Some of the leading citizens of Wise County got together last year at the Brass Lantern Restaurant beside the bowling alley here pitched in $15,500 to help Dalton get himself elected governor of Virginia.
James A. Brown, a 34-year-old engineer who made millions from the coal boom that followed the Arab oil embargo was there. So was Thomas West, the former lumberjack who was one of Brown's partners and made enough to get out of the strip-mining business and turn his 40s into his leisure years.
Harold D. Belcher, the chief of police down at Big Stone Gap came, and so did Morgan Legg, who owns the Ford-Lincoln-Mercury dealership on the road between Norton and Appalachia.
At the table next to Legg and his wife were Ray Lawson and his wife. Lawson is content with the family's steady watersoftening business and has never been tempted by the world of mercurial coal fortunes.
OF course, Elizabeth Taylor, the movie star, and her husband John Warner, the former secretary of the Navy who hopes to run for the U.S. Senate in Virginia next year, were there, too.
Taylor has starred at so many Republican fund-raising events in Virginia this year - about 30 - that her absence in Wise would have been taken as a snub of coal field political figures. Brown and R. O. Goad, who can remember selling tires on time to the now properous strip-mine operators, responded gallantly to Taylor's presence. They put up the money to fly Taylor and Warner into Lonesome Pine Airport on a Lear jet and Brown whisked them and the Daltons to the Brass Lantern in his white Rolls Royce.
A murmur of excitement has followed Taylor wherever she has gone in Virginia this year - the Blackstone Chamber of Commerce achieved its first luncheon sellout ever when she came to Hottoway County - and it followed her into the Brass Lantern.
Nevertheless, she did not overwhelm the crowd of more than 100 at Dalton's Wise fund raiser. The most sensational appearance of the evening was made by the members of the Wise County Shrine Legion of Honor, a contingent of Shriner service veterans who were dressed in white uniforms draped in gold braid, and topped off, in some cases, with star-studded epaulets.
The Shrine showing was in honor of Dalton, who is the immediate past potentiate of the Kazim Shrine Temple in Roanoke, the home temple for all Shriners in Southwest Virginia.
In his speech, Dalton recalled with gratitude the $35,000 check presented to him last year by the Wise County Shriners as a donation to the Shrine's hospital for crippled children. "It was the largest donation ever made by a single county Shrine club in North America," he said.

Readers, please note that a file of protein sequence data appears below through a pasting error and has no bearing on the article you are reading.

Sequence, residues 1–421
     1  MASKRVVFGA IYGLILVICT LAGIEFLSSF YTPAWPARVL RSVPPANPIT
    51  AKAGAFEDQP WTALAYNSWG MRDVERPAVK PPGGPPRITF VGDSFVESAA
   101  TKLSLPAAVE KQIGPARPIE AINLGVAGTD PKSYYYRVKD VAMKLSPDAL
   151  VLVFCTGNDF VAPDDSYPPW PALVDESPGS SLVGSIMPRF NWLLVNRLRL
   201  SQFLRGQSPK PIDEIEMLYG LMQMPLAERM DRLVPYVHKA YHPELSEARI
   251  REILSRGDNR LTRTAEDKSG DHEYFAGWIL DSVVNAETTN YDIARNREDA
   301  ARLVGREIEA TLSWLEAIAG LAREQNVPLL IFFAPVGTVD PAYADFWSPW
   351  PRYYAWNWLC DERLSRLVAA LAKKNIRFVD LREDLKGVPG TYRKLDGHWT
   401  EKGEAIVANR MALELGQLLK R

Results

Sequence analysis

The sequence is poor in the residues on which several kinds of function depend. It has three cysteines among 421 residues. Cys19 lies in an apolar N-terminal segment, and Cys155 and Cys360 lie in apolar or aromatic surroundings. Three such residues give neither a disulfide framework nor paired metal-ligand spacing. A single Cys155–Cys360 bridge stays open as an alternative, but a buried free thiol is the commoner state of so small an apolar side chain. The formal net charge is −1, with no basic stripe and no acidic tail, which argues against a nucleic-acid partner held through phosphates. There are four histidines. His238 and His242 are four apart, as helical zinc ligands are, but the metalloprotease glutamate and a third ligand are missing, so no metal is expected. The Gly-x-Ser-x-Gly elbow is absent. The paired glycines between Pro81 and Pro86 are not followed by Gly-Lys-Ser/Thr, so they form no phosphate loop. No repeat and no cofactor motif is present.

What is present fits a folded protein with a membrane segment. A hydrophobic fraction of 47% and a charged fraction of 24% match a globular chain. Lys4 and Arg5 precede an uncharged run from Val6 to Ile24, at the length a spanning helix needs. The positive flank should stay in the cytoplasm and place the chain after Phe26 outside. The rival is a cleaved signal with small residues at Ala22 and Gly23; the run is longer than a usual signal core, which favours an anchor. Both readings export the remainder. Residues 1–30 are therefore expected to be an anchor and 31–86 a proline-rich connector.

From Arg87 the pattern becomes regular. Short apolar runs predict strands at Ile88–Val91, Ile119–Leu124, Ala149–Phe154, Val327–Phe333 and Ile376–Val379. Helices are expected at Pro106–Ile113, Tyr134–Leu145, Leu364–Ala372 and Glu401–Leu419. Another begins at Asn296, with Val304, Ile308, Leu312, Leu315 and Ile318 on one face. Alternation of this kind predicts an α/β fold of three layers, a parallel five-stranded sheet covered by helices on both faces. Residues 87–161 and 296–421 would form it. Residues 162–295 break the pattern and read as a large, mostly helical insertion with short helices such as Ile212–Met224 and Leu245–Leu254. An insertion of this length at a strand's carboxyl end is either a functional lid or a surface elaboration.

The money that floved into the Dalton campaign fund in Wise County last night reflects not only the new affluence if the coal fields but also the growing awareness that state and federal government actions can have significant impact on the coal industry and the businesses it supports in this region.
Coal operators strongly oppose any tax on coal that would go to the state's general fund and are looking for state officeholders who will help them fight proposals for severe restrictions on strip mining.
Coal field contributors gave about $250,000 to the campaigns of former Lt. Gov. Henry E. Howell and former Attorney General Andrew P. Miller before the June 14 Democratic primary. In that election Howell was nominated to be Dalton's Democratic opponent.
It seems likely that contributions to Howell and Dalton before the general election will push the total coal field contributions above $400,000 out of perhaps $3 million that will be given to both candidates this year.
When Dr. L. C. Strong of Norton, master of ceremonies here last night, handed Dalton the envelope with $15,500 in contributions, he observed that the dinner receipts raised the total of gifts from Wise County to the Dalton campaign to $28,000.
Dalton and Howell will not be required to make their first disclosure of contributions for the general election campaign until early October.
Dalton told last night's dinner audience that he will be a faithful defender of Virginia's surface mining industry. "I'm going to stick up for surface mining whether I'm in Wise County or Northern Virginia," he said. "We need to see that both the surface mining and deep mining industries prosper if we are to meet our energy development goals."